In several of my previous blog posts, I have discussed the importance of both introducing learning strategies and providing multiple opportunities for experimentation that result in students’ revising, abandoning or owning strategies. The goal is for students to own a repertoire of strategies that work for them as learners when they encounter difficult content – simply put, strategies to use when they are stuck. However, we (teachers) don’t need to be the “keeper” or the “creator” of all these strategies. Students bring strategies to the work we introduce, and by respecting their expertise, we can accomplish goals far beyond the simple ownership of strategies.
I believe that
- it is important to involve students in strategy work.
- our students have existing strategies that we can help them to identify and to name.
- sharing strategies among students nurtures ownership and, therefore, can build positive academic identity.
- strategy sharing creates an academic community within the classroom where students are involved in the success of fellow students.
In preparation for students to take-over strategy sharing, I engage them in conversations and in writing about how they created meaning of difficult text in our class (This can happen in any content area). We start by focusing on strategies I have introduced to them in our class, and we expand our conversations to include strategies they have created for themselves. These conversations and writing are guided by the following questions:
- What strategies do you use to when you are stuck difficult content?
- Where did you get your strategy?
- How did you know to use that specific strategy with a specific text/problem?
- Knowing what you know about yourself as a learner, why do you think that strategy works well for you?
- What evidence do you have that this strategy actually works?
- Have you used this strategy with other texts/in other settings?
We spend a small portion of class exploring personal-strategy use before we move to the sharing process. They need to be comfortable with the language of naming and explaining strategies before they will be able to assist each other. When the student sharing begins, I structure the sharing using an activity I call “walk-about-review” (the structure of this activity is probably from a workshop I attended, but I can’t remember the origin). Students first complete a reflection about the strategy they used with last night’s homework, and then they “Walk-About” to four different students to hear about the strategy they used. I time the move from student-to-student – usually five minutes per session. There is a comfort level in the sharing even for those students who tend to play the role of observer. It is their process; they could not be “wrong.” They keep a master list of the students whom they have talked with and they cannot repeat a student during these sharing sessions. Adaptation: A colleague of mine renamed this activity “Strategy Speed Dating.”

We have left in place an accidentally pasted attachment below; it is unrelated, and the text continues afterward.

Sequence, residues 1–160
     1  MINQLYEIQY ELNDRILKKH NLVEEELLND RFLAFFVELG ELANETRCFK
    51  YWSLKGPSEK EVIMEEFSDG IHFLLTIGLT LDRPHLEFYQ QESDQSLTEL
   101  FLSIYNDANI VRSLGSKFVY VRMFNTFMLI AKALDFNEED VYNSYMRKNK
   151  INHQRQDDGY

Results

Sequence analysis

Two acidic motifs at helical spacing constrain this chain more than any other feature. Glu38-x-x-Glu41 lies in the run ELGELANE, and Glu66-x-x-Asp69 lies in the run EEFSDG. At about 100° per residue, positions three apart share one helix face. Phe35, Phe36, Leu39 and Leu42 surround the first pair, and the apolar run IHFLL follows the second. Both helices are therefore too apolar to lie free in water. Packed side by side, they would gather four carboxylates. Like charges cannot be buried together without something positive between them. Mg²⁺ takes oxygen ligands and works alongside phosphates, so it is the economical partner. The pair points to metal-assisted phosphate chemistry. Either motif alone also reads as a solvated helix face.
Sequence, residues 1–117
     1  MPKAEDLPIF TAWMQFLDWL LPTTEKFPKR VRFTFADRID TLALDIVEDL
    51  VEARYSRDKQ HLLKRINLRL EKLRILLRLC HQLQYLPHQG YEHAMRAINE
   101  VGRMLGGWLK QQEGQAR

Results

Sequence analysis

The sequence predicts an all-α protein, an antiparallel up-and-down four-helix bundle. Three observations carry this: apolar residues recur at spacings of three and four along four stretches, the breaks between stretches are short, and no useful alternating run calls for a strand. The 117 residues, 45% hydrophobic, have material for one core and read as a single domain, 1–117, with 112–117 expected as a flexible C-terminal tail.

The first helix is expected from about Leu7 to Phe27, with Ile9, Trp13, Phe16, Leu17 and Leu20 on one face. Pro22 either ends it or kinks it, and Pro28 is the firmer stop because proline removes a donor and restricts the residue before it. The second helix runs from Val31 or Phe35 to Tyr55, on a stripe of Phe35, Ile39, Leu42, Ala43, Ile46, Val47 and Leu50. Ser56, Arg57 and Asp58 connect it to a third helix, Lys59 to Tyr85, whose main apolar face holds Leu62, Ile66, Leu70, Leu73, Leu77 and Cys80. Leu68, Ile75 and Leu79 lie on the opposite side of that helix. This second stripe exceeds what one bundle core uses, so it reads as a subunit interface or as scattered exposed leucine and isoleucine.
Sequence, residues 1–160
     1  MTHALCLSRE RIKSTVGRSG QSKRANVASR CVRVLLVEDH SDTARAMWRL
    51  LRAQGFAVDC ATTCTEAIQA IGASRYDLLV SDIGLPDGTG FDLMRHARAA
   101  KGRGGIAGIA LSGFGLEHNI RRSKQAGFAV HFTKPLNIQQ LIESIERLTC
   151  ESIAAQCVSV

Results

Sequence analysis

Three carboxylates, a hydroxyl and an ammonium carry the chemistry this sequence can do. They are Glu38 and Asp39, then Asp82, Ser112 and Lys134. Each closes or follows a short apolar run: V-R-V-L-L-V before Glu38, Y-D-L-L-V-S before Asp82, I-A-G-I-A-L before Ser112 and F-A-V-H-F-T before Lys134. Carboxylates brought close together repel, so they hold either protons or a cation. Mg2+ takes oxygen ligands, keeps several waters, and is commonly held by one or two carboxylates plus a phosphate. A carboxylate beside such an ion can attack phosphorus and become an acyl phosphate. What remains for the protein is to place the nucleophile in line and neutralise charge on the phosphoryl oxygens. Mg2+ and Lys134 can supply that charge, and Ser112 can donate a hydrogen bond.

Ultimately, students are asked to write on a large post-it or an index card the strategy that works best for them when they need to move their understanding of text from a surface level to a deeper level of interpretation. Most recently, I was involved with a team who was facilitating this process across several sections of students, so we brought our post-its and cards to a staff meeting, read their strategies and grouped like-strategies into piles. Then we created a category for each pile:
- Understanding references and context (text-to-text)
- Understanding two text together (text-to-text)
- Understanding textual structure
- Understanding works and sentences
- Writing to understand text
- Understanding characters and setting
- Annotation texts
What’s next?? A meaningful high school bulletin board!! We created the above headings for the bulletin boards/walls in the classroom. After briefly explaining each category, we returned the post-its to their owners, and they posted their responses under the appropriate categories, including their name on their strategy
Students were asked (a.k.a. assigned) to experiment with strategies on the board to expand their personal repertoire. If the new strategy worked for them, they wrote their name on a colored dot sticker and posted it on the board by the strategy.
Here is a scan of the postings from that bulletin board: How do I create meaning of difficult text?
Observations: We saw students turn to each other for more than the answer – the quick fix. They truly wanted to know the process that worked for other students, and they were eager to share their discoveries.